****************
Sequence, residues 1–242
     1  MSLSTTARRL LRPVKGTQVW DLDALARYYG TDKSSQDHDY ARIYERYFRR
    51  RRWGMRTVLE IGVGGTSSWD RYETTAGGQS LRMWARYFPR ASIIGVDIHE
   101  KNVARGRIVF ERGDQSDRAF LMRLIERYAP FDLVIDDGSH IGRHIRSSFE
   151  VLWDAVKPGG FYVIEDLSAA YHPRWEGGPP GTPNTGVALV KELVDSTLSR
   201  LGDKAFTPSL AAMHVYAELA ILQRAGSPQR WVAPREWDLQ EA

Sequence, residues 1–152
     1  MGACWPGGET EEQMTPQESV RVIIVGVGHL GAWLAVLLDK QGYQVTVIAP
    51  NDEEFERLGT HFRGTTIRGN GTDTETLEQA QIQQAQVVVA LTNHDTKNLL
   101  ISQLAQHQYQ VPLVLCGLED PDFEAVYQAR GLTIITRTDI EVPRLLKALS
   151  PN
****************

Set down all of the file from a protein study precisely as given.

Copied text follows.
Sequence, residues 1–242
     1  MSLSTTARRL LRPVKGTQVW DLDALARYYG TDKSSQDHDY ARIYERYFRR
    51  RRWGMRTVLE IGVGGTSSWD RYETTAGGQS LRMWARYFPR ASIIGVDIHE
   101  KNVARGRIVF ERGDQSDRAF LMRLIERYAP FDLVIDDGSH IGRHIRSSFE
   151  VLWDAVKPGG FYVIEDLSAA YHPRWEGGPP GTPNTGVALV KELVDSTLSR
   201  LGDKAFTPSL AAMHVYAELA ILQRAGSPQR WVAPREWDLQ EA

Sequence, residues 1–152
     1  MGACWPGGET EEQMTPQESV RVIIVGVGHL GAWLAVLLDK QGYQVTVIAP
    51  NDEEFERLGT HFRGTTIRGN GTDTETLEQA QIQQAQVVVA LTNHDTKNLL
   101  ISQLAQHQYQ VPLVLCGLED PDFEAVYQAR GLTIITRTDI EVPRLLKALS
   151  PN